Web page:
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Of Interest

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Assembly

Aligning building-size components with millimetric precision

Final alignment has been achieved for the first building block of the ITER plasma chamber—four major components, totalling 1,250 tonnes, have been aligned to within 1 mm of tolerance in the radial, toroidal and vertical directions. This major achievement smooths the way for the similar assembly of eight other sub-assemblies in the months and years ahead.

The four major components of the first building block of the ITER plasma chamber are now aligned (here, a view of the vacuum vessel taken from inside the sub-assembly). This major achievement smooths the way for the similar assembly of eight other sub-assemblies in the months and years ahead. (Click to view larger version...)
The four major components of the first building block of the ITER plasma chamber are now aligned (here, a view of the vacuum vessel taken from inside the sub-assembly). This major achievement smooths the way for the similar assembly of eight other sub-assemblies in the months and years ahead.
ITER is a world of massive components as tall as buildings and as heavy as commercial aircrafts. Manufactured in different parts of the world, often transported over enormous distances to the ITER construction site, they must be assembled and positioned with utmost precision. The challenge is especially critical when it comes to assembling some of the largest and heaviest machine components into the "sub-assemblies" that form the basic building blocks of the machine.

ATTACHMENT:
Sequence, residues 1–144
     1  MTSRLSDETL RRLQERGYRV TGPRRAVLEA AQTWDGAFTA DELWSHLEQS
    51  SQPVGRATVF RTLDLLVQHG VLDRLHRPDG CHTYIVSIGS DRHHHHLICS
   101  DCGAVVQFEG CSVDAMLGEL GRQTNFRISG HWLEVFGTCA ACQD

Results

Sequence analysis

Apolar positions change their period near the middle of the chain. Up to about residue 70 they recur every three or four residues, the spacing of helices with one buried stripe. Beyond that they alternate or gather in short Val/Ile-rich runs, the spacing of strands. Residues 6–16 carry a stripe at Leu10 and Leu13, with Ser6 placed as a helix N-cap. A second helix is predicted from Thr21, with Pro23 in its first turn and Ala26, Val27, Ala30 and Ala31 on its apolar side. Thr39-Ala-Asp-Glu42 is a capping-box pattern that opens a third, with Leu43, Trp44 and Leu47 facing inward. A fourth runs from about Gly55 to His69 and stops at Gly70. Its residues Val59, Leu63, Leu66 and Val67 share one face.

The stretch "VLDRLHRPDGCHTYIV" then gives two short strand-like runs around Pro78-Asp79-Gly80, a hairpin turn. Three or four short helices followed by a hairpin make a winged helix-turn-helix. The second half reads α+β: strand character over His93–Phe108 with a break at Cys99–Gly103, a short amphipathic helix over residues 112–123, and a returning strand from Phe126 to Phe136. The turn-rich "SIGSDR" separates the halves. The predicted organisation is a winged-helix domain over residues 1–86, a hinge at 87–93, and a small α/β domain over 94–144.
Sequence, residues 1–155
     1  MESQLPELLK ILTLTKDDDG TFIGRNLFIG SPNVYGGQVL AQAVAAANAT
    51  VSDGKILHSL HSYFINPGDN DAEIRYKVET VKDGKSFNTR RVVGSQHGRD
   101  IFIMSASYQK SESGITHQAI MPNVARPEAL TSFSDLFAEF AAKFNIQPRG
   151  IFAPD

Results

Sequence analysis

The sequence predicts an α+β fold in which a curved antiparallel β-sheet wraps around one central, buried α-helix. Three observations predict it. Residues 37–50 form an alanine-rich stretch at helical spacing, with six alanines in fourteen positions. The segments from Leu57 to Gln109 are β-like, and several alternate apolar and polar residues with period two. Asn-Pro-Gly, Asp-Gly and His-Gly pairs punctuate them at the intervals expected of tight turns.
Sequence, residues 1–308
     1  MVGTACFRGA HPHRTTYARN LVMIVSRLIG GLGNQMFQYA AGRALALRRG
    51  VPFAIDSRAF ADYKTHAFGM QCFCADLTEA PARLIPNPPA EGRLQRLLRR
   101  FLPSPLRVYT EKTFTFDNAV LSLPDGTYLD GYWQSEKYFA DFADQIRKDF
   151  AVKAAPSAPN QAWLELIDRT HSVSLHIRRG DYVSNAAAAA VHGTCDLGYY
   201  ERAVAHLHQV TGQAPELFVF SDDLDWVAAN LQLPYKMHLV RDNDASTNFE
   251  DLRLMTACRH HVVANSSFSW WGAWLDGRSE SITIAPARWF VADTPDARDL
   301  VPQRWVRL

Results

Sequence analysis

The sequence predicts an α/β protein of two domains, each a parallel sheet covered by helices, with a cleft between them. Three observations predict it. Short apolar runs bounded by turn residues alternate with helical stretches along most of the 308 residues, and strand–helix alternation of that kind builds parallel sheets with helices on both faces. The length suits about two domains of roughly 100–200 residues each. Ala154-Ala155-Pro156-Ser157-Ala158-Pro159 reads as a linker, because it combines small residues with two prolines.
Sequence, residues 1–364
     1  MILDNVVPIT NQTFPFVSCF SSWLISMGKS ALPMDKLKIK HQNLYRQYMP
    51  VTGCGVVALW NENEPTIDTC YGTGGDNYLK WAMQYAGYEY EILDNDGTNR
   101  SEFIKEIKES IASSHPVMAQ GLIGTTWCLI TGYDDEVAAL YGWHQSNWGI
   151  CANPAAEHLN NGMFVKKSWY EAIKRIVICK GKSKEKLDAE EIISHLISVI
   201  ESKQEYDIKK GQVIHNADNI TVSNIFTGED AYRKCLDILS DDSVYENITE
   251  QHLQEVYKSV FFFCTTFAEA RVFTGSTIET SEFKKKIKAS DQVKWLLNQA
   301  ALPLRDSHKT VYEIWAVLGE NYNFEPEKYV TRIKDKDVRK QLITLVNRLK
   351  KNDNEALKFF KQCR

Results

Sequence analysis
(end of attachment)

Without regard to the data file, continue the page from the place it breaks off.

A "sub-assembly" brings together a 40-degree, 440-tonne sector of the ITER vacuum vessel, the sector's thermal shield, and two 18-metre-tall, 360-tonne D-shaped toroidal coils. Nine sub-assemblies are required to form the full torus of the plasma chamber.

The first step in this first-of-a-kind assembly sequence was taken in April 2021 when vacuum vessel sector #6 was installed inside one of the twin sub-assembly tools, soon to be followed by thermal shield panels and toroidal field coils TF12 and TF13.

Precision in assembling and positioning these mammoth components is paramount; any deviation from required tolerances in any component would result in knock-on issues in the sub-assembly and the finalized torus.

"It all begins at the design phase with 3D model simulations," explains Chang Ho Choi, the head of the ITER Sector Modules Delivery & Assembly Division. "Computer models, however, belong to the ideal world of perfection. Industrial reality, especially for components as tall as a six-storey building, is inevitably different. The components' conformity is verified and qualified throughout the fabrication process, and all the way to factory and site acceptance tests. By then we have the "as built" data, which reflects the actual dimensions of the component."

Some deviations unavoidably occur during the manufacturing process. "The question is: how will these deviations impact the assembly phases? And if they do, how can they be mitigated or corrected?" Local machining, the welding of shims, and interface adaptations are among the available solutions.